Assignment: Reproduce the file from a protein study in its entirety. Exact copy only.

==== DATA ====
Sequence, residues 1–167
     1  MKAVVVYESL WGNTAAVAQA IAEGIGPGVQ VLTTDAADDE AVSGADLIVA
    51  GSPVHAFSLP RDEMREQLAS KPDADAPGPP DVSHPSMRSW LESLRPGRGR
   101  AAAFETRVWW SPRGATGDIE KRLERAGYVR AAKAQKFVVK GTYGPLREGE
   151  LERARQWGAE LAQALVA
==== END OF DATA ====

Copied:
Sequence, residues 1–167
     1  MKAVVVYESL WGNTAAVAQA IAEGIGPGVQ VLTTDAADDE AVSGADLIVA
    51  GSPVHAFSLP RDEMREQLAS KPDADAPGPP DVSHPSMRSW LESLRPGRGR
   101  AAAFETRVWW SPRGATGDIE KRLERAGYVR AAKAQKFVVK GTYGPLREGE
   151  LERARQWGAE LAQALVA